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Are languages whose sets are empty recursively enumerable or recursive? For example, consider the language $L$ $\subseteq$ {0,1}*:

$L$ = { $w$ | $w$ consists of only 0's} $\cap$ { $w$ | $w$ consists of only 1's }

I believe this language creates an empty set. There are many different ways to design a Turing Machine that decides that whether word $w$ is in $L$. In that sense, $L$ seems recursive. Further, there are many different machines that can return the empty set. Any of these them would effectively "enumerate" the members of L, even though there are none.

My gut tells me to reject these conclusions. Could anyone steer me in the right direction? Any guidance would be much appreciated.

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    $\begingroup$ Note that the language is the set of strings, not the description. There is only one empty language. $\endgroup$ Nov 17, 2017 at 22:33

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The empty language is recursive. The TM accepting this language just returns $0$/REJECT on any input. Similarly, the language $\Sigma^*$ is also recursive. Just return $1$/ACCEPT on any input.

Basically, it does not matter how a language is defined. What makes them recursive/RE is the fact that we can effectively decide its membership. For a recursive language $L$ there is a TM that always accepts $x$ if $x \in L$ and rejects $x$ if $x \notin L$. For a recursively enumerable language $L$ there is a TM that always accepts $x$ if $x \in L$.

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  • $\begingroup$ Ah, I see. I had a feeling that was it, but I just couldn't pull the trigger without a second opinion. Thank you! $\endgroup$
    – TWal
    Nov 17, 2017 at 19:42
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I strongly believe the answer from fade2black is wrong. The empty language is not recursive, in fact it is not even recursive enumerable. The question you have to ask yourself is given any encoding of a turing machine M, can we determine if its language is the empty language. The way you can formally prove this would be by showing that the complement of the empty language is recursive enumerable and then it follows directly, that the empty language is neither recursive (otherwise the complement must be recursive as well) nor recursive enumerable (if a Language L and its complement are both recursive enumerable you can proof by contradiction that L is recursive).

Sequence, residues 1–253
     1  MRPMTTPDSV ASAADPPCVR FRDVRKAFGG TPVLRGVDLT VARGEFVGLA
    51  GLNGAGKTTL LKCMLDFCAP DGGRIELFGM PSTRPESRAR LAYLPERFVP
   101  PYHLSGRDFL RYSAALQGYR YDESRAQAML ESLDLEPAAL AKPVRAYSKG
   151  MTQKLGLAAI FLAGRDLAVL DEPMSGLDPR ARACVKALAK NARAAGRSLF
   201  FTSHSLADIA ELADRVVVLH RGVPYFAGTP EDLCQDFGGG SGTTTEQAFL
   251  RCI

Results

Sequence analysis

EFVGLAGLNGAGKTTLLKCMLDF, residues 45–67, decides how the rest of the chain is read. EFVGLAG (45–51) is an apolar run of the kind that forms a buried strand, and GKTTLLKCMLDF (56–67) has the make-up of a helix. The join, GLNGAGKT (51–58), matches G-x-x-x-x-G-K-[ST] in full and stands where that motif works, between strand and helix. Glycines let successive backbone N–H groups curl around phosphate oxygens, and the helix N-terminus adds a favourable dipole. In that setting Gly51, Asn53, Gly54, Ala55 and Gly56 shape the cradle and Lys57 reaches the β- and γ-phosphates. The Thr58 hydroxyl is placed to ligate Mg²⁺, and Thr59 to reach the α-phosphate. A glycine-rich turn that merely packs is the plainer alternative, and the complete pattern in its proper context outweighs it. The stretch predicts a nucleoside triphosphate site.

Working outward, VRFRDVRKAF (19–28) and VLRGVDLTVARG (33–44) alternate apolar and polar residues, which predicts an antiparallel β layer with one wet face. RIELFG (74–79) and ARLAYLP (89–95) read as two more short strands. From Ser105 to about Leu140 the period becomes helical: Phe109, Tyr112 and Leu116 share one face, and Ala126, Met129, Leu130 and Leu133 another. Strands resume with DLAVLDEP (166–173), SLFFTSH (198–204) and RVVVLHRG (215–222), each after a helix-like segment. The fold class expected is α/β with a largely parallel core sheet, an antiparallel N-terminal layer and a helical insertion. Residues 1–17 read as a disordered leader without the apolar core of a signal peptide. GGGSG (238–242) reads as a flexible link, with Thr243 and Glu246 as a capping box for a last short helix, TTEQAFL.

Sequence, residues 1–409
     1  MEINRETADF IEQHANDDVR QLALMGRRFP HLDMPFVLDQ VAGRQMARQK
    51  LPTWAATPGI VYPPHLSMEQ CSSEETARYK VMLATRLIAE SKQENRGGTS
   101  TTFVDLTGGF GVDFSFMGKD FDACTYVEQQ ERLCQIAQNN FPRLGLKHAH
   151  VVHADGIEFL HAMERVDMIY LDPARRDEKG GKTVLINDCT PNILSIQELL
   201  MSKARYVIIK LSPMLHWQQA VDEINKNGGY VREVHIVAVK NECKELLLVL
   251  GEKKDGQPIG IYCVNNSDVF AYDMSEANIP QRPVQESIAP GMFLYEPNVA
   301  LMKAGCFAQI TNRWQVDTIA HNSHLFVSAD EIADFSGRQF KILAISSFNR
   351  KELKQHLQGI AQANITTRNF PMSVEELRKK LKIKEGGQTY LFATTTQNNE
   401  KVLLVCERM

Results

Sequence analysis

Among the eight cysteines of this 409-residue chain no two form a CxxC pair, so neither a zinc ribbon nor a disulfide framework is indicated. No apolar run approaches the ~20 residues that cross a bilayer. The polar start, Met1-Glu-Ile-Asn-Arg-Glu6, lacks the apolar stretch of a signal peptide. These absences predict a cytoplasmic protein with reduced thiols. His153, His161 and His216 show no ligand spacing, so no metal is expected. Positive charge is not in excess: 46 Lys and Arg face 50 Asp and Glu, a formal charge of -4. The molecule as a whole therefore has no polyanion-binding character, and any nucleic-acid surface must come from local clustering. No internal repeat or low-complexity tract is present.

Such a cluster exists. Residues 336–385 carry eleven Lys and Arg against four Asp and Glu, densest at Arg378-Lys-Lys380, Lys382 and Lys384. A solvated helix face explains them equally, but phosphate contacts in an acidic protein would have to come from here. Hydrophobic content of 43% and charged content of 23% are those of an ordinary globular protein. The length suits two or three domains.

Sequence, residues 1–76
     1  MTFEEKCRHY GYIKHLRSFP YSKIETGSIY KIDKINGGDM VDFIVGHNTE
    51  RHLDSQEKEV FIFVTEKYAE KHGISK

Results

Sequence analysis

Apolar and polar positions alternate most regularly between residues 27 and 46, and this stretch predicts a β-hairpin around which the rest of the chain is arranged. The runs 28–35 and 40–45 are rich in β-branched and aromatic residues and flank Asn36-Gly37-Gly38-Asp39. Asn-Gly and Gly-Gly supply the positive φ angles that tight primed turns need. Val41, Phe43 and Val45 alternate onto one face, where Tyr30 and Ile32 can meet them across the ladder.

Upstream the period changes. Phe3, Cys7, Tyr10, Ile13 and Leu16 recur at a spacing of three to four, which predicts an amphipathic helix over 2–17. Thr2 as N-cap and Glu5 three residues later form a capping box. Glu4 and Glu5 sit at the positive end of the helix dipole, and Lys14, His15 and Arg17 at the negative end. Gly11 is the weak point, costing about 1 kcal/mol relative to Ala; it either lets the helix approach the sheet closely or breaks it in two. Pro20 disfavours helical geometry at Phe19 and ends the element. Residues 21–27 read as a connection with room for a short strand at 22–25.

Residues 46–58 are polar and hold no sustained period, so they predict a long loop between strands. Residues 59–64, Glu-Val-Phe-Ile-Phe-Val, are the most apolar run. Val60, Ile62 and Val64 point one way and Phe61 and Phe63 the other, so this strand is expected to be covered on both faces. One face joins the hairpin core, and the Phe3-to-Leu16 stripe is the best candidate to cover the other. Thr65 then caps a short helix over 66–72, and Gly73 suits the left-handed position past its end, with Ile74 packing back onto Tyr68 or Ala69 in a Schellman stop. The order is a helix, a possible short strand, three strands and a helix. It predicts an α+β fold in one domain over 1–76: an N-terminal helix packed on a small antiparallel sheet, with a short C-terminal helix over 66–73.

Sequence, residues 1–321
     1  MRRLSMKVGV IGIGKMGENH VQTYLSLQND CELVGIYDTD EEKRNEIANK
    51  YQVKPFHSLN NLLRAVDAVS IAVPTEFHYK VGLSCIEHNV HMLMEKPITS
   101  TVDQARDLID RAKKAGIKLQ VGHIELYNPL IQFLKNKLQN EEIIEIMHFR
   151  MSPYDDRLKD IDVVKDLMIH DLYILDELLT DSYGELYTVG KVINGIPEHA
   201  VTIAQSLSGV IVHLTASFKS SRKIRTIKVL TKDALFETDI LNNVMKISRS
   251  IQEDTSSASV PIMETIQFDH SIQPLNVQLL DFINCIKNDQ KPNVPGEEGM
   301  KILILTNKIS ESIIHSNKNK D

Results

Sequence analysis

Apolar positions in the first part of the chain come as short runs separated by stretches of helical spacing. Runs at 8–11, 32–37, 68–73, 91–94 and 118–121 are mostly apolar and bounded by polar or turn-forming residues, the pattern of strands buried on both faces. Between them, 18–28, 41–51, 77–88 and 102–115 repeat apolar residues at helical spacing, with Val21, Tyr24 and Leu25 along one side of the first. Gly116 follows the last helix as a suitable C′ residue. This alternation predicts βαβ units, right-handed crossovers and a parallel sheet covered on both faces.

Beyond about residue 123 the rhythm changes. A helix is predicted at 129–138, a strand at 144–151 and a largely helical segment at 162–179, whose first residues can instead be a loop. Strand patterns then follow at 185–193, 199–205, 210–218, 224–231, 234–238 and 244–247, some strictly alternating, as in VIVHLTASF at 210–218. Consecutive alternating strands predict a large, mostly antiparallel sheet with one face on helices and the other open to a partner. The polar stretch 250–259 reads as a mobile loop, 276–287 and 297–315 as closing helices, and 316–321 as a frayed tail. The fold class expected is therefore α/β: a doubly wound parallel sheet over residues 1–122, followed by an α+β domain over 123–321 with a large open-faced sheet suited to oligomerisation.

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    $\begingroup$ You are confusing things. The empty set is $\emptyset$. It is recursive: a corresponding Turing Machine would be a Turing Machine that immediately rejects. What you are talking about is $L =\{\langle M \rangle \mid L(M) = \emptyset\}$. Since there exist Turing Machine accepting no words, this language is not empty. $\endgroup$
    – Nathaniel
    Dec 11, 2022 at 18:55
  • $\begingroup$ FWIW, the index set of all TMs that accept the empty language -- $L$ in @Nathaniel's comment -- is indeed not recursive. You can show this by Rice's theorem; see our reference question. $\endgroup$
    – Raphael
    Dec 11, 2022 at 20:55

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